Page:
The lifespan of the Whippet is typically between 12-15 years, with some living up to 18 years old. They are considered small to medium sized dogs, weighing between 20-40 pounds when fully grown. The colors of the Whippet can range from white to black or brindle, with some having markings on their face or chest.

The personality of the Whippet is generally friendly and gentle, making them great family pets. They are intelligent dogs that can be trained easily if given consistent guidance and positive reinforcement. They are also very loyal companions who will bond closely with their owners over time.

Whippets are generally friendly towards other dogs, children, and other animals if they have been properly socialized from an early age. However, they may be wary of strangers at first until they get used to them being around them regularly.

The temperament of the Whippet is usually calm but alert; they make excellent watchdogs due to their keen sense of hearing and sight as well as their natural instinct for protection over their family members or territory if necessary.

Whippets tend to be healthy overall but may suffer from certain health issues such as hip dysplasia or eye problems due to their long faces which can cause breathing difficulties in some cases; regular vet checkups should help keep these issues under control if any arise during your pet’s lifetime.

Whippets adapt well to most environments but do best in homes where there is plenty of space for them to run around in; they love going on walks or playing fetch outdoors so having access to an outdoor area would be ideal for this breed’s needs! The benefits of owning a Whippet include having an intelligent companion who loves spending time with you while also providing protection when needed; plus they’re low maintenance when it comes grooming needs!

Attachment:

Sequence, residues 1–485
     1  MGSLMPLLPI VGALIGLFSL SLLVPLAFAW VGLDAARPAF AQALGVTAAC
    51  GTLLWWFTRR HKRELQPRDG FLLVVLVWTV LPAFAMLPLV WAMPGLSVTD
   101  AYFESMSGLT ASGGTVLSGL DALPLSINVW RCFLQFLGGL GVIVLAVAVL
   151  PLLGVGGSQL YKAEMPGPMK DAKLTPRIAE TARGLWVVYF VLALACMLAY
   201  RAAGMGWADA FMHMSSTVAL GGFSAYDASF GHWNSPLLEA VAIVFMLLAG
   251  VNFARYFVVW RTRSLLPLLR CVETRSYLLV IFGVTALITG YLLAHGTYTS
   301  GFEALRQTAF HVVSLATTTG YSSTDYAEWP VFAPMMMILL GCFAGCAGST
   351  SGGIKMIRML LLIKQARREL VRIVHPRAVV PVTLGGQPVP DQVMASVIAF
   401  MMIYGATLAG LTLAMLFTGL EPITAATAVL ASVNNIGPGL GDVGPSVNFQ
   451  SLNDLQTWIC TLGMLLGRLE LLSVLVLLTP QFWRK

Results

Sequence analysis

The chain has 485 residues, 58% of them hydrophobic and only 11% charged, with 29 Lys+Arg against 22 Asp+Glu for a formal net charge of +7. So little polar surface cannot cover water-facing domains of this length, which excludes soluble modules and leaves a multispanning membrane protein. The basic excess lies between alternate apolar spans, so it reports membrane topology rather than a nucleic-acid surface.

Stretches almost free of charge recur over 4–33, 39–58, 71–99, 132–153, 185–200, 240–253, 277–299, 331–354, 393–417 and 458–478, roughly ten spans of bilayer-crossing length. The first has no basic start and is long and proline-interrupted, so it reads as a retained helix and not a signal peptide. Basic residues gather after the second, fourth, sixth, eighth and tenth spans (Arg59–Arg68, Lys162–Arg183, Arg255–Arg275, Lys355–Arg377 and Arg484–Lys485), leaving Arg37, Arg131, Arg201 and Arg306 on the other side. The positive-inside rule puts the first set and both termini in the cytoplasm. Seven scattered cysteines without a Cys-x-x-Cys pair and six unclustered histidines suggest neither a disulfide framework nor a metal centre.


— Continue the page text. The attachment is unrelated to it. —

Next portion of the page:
The Whippet is a medium-sized sighthound breed that originated in England in the late 18th century. The Whippet was originally bred to be a hunting dog, but it was later used for racing and as a companion dog. The Whippet breed almost became extinct in the early 20th century, but it was saved by a few dedicated breeders. The Whippet became popular in the United States in the 1970s, and it is now one of the most popular sighthound breeds in the world.

The Whippet's ancestors include the Greyhound, the Italian Greyhound, and the Manchester Terrier. The first recorded mention of the Whippet breed was in 1791, when an English writer described a "light greyhound" that was used for hunting rabbits. The Whippet was recognized as a distinct breed in 1873, and it was first registered with the Kennel Club of England in 1891.

The Whippet was originally bred as a hunting dog, but it soon became popular as a racing dog. In England, "Whippet racing" became a popular sport in the late 19th century, and many dogs were imported to the United States for racing purposes. However, racing popularity declined after World War I, and many Whippets were euthanized or abandoned.

A few dedicated breeders kept the Whippet breed alive during this time, and it eventually regained popularity in England and America. Today, the Whippet is one of the most popular sighthound breeds in the world.